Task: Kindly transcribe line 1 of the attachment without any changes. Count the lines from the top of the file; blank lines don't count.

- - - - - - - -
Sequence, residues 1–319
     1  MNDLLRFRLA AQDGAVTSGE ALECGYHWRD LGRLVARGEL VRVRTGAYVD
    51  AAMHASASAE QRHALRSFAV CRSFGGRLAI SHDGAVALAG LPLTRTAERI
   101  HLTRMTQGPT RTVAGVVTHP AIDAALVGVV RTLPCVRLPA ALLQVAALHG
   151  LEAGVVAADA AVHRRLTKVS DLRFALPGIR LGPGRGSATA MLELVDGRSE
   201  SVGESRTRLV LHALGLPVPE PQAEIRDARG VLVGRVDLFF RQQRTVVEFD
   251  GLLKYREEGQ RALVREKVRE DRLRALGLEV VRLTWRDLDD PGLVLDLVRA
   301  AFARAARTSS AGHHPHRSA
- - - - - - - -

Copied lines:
Sequence, residues 1–319